Clearly the temptation to walk away is here for him as well:

Do not cast me away when I am old;
    do not forsake me when my strength is gone.
10 For my enemies speak against me;
    those who wait to kill me conspire together.
11 They say, “God has forsaken him;
    pursue him and seize him,
    for no one will rescue him.”
12 Do not be far from me, my God;
    come quickly, God, to help me.
13 May my accusers perish in shame;
    may those who want to harm me
    be covered with scorn and disgrace.

14 As for me, I will always have hope;
    I will praise you more and more.

But although he has no doubt witnessed it in others, he finishes this section with the powerful words, ‘as for me’ – others may arrive at a different place, but this is how it is going to be for me.

Very reminiscent of Joshua standing before the people in Joshua 24:

14 “Now fear the Lord and serve him with all faithfulness. Throw away the gods your ancestors worshiped beyond the Euphrates River and in Egypt, and serve the Lord.15 But if serving the Lord seems undesirable to you, then choose for yourselves this day whom you will serve, whether the gods your ancestors served beyond the Euphrates, or the gods of the Amorites, in whose land you are living. But as for me and my household, we will serve the Lord.”

You can do what you want. But AS FOR ME and my family, we will serve the Lord. 

And there is a whole lot more, but let’s just finish off with the opening lines of these last three paragraphs:

22 I will praise you with the harp
    for your faithfulness, my God;
I will sing praise to you with the lyre,
    Holy One of Israel.
23 My lips will shout for joy
    when I sing praise to you—
    I whom you have delivered.
24 My tongue will tell of your righteous acts
    all day long,
for those who wanted to harm me
    have been put to shame and confusion.

I will praise you.

My lips will shout for joy.

My tongue will tell of your righteous acts.

Is this you?

[To take a look at any of the other Psalms i have walked through so far, click here]

Psalm number 70 is not the Lords of the Rings of the Psalming community. And because it is so short, i thought it would be helpful to actually just meditate on the whole thing together:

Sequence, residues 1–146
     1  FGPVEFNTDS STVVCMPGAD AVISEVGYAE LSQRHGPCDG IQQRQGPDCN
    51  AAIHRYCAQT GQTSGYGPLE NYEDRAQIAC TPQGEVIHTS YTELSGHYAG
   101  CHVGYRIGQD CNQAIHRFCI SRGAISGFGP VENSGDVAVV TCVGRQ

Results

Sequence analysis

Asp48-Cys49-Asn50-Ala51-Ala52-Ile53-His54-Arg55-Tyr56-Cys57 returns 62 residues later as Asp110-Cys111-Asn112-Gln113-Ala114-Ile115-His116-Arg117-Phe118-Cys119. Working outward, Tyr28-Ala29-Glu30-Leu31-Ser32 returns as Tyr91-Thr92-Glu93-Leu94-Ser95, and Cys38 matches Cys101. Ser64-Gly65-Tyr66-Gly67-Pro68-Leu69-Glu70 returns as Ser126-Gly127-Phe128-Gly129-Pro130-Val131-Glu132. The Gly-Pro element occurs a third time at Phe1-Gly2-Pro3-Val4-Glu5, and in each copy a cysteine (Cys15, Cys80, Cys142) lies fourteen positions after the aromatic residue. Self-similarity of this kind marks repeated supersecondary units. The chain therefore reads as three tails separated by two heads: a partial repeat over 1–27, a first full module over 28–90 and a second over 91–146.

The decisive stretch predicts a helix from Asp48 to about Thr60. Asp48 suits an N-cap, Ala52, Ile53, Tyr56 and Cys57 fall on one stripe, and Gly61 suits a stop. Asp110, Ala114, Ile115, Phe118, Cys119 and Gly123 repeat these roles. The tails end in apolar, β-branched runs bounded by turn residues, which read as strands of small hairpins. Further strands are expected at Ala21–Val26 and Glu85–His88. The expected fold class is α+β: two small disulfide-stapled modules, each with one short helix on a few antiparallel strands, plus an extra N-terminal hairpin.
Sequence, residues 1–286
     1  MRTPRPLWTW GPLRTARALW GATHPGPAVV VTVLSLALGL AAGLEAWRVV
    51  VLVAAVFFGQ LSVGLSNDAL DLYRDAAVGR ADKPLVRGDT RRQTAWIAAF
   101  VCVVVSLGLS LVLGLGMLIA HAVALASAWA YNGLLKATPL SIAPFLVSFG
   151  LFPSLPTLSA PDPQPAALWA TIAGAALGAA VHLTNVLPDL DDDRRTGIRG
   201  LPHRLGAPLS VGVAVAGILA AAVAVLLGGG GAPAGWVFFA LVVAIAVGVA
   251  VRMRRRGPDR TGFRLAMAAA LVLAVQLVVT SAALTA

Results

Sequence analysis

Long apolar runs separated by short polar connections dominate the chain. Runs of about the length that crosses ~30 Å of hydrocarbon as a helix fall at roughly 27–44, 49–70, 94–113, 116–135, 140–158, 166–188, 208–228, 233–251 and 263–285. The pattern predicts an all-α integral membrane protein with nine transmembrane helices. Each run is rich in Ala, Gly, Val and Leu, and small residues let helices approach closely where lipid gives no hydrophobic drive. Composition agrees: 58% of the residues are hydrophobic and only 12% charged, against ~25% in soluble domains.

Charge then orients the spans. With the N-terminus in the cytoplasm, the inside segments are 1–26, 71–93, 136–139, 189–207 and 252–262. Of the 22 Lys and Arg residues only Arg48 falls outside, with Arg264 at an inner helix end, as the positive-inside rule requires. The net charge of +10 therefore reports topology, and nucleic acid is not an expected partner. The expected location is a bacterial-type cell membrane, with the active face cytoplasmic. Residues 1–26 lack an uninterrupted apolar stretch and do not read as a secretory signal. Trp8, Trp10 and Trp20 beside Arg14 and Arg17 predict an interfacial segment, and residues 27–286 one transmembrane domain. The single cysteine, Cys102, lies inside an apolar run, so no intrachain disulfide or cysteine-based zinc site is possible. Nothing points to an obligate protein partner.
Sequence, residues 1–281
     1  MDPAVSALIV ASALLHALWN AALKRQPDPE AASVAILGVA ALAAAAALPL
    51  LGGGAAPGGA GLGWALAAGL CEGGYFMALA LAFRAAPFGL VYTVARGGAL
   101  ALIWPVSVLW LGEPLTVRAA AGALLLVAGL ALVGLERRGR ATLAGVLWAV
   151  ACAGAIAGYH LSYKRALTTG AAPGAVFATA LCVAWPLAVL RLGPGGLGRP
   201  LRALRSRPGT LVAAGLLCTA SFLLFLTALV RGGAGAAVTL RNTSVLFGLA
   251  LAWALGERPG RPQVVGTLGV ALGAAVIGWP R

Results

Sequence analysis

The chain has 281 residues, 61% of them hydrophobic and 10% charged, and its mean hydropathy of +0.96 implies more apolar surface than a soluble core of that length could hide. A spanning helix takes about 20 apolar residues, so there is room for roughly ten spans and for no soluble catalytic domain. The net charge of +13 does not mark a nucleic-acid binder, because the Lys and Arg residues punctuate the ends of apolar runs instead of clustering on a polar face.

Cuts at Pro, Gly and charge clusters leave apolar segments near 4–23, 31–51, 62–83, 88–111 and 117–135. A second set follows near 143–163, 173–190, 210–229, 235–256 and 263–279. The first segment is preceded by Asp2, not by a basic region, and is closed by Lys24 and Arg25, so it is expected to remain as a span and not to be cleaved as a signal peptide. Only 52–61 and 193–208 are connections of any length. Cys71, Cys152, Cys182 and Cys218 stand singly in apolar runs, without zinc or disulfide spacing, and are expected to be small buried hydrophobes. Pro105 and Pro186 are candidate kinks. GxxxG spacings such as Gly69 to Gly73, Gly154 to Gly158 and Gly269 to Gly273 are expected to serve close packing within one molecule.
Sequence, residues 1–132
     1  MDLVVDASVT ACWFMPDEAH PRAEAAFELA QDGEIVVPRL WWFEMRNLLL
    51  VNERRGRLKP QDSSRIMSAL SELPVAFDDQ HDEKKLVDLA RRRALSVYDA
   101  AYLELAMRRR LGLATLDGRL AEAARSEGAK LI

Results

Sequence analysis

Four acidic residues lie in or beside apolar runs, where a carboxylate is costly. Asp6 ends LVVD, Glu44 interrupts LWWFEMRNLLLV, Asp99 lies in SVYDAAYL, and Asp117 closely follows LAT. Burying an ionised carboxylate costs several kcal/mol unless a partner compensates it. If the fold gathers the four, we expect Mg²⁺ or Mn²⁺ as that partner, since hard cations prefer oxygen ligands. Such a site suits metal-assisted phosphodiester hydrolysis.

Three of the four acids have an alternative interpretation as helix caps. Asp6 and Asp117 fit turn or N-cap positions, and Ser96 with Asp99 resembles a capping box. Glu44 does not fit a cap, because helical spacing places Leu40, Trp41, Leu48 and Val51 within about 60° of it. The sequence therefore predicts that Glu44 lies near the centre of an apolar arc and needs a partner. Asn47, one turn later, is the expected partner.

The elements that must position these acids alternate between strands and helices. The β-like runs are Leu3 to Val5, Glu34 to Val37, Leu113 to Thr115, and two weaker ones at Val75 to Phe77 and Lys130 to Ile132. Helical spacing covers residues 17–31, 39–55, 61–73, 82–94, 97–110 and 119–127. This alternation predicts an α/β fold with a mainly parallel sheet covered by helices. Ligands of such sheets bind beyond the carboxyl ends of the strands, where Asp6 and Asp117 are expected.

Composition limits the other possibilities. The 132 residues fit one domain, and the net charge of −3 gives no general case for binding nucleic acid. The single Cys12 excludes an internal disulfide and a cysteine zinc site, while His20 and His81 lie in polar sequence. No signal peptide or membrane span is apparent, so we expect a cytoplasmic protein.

Hasten, O God, to save me;
    come quickly, Lord, to help me.

May those who want to take my life
    be put to shame and confusion;
may all who desire my ruin
    be turned back in disgrace.
May those who say to me, “Aha! Aha!”
    turn back because of their shame.
But may all who seek you
    rejoice and be glad in you;
may those who long for your saving help always say,
    “The Lord is great!”

But as for me, I am poor and needy;
    come quickly to me, O God.
You are my help and my deliverer;
    Lord, do not delay.

What jumps out at me with this one is that it starts all inward-focused – Woe is me and all of that and has a lot of the previous psalm’s kind of tone in terms of calling on God to take out my enemies and so on.

But probably the thing that stands out most is verse 4, which is like a little interjection between the beginning and the end where David goes back to calling on God, just as he had started:

But may all who seek you
    rejoice and be glad in you;
may those who long for your saving help always say,
    “The Lord is great!”

It’s almost like we get a deep sense that he is not in a good place and is calling on God for rescue and to take care of his enemies, but then suddenly there’s a moment of just stopping and being still and knowing He is God [see Psalm 46] and reflecting on that. I think of a raging storm that suddenly lets up for a moment and the let up is so surprising and sudden that it grabs all of your attention. Focus on god – look at God – if you’re in trouble know that He is the one to look to – keep seeking and rejoicing and being glad in Him and long fr His saving because THE. LORD. IS. GREAT.

And then, almost as suddenly as it arrived, the moment is gone ad David returns to his crying out to God, although this time he is acknowledging that God is the one who helps and delivers…

[To take a look at any of the other Psalms i have walked through so far, click here]

This is such a short baby of a psalm that it is worth publishing the whole thing here:

May God be gracious to us and bless us
    and make his face shine on us—
so that your ways may be known on earth,
    your salvation among all nations.

May the peoples praise you, God;
    may all the peoples praise you.
May the nations be glad and sing for joy,
    for you rule the peoples with equity
    and guide the nations of the earth.
May the peoples praise you, God;
    may all the peoples praise you.

The land yields its harvest;
    God, our God, blesses us.
May God bless us still,
    so that all the ends of the earth will fear him.

This Psalm is a great reminder of what the kingdom of God is all about and what – in too many respects – christianity has become for so many.

We LOVE verse one. Verse one is our theology: May God be gracious to us and bless us and make his face shine on us

But we certainly like to end it there – it’s all about meeeeeeeeeeeeeeeee, Jesus, and all this is for meeeeeeeeee, for my glory and my fame….

However, this psalm DOES have a verse 2: so that your ways may be known on earth, your salvation among all nations.

There doesn’t seem to be a cheese-free way of saying this [and for that i humbly apologise], but the reason it is suitably named ‘history’ is because it is in fact ‘His story’ – the story of life is one about God and yet how quickly we continue to bring it back to being all about us…

Verse 3 should be our prayer and our cry: May the peoples praise you, God; may all the peoples praise you.

And the rest is just beautiful. This is a delightful, happy, inspiring little psalm.